“Thanks to art, instead of seeing one world (our own), we see it multiplied.” — Marcel Proust
I’ve been looking at the therapeutic nature of art to one’s recovery lately. In our active addiction, we tended to have a single, narrow view of ourselves and the world we live in. We thought that everyone was obsessed by using, fantasies and erotic images; we saw others perhaps as mere doubles of ourselves.
One of the great joys I find in reading is the ability to enter other people’s lives. We often come to know fictional characters even better than our friends because a novelist can give us the illusion of being all-powerful and all-knowing. So we get a special “inside view,” and many people in books become familiar and very dear to us.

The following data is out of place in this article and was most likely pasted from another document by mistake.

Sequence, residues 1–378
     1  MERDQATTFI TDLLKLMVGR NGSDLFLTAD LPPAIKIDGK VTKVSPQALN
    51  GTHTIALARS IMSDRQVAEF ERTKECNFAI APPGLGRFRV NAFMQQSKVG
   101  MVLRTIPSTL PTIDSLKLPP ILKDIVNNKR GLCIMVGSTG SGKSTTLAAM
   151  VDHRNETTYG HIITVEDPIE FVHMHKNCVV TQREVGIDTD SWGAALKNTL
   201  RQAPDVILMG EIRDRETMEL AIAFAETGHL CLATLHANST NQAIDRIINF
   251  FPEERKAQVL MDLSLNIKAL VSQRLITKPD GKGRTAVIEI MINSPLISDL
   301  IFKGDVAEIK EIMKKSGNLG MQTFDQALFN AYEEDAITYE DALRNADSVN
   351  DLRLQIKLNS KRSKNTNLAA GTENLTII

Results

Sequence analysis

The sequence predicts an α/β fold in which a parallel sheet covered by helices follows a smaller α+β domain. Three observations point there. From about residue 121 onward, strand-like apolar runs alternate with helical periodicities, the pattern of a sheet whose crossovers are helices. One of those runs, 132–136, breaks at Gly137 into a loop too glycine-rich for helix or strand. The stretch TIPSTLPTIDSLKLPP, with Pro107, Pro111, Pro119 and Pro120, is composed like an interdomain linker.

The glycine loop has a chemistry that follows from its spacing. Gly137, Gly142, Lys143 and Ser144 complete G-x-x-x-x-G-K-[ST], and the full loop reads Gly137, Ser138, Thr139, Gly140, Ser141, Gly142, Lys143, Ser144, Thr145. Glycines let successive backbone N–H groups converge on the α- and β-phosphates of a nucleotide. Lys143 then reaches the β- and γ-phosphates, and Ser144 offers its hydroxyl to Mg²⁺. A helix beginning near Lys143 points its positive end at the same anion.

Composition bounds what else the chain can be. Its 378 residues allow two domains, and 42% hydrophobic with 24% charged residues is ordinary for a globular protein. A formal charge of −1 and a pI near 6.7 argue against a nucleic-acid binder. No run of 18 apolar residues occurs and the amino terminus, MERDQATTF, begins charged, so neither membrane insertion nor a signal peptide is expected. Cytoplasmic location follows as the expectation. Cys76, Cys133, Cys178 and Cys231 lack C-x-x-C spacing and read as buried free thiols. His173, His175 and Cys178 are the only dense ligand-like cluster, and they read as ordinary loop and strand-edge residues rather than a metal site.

Reading can take us out of ourselves and expand our views of other people. We learn that, indeed, “it takes all sorts to make up a community in this world of ours,” and our lives become less isolated through contact with others. The power of art is to deepen and enrich this perception of ourselves in relationship to the world. Through reading, watching plays and films, or exploring a painter’s world, we begin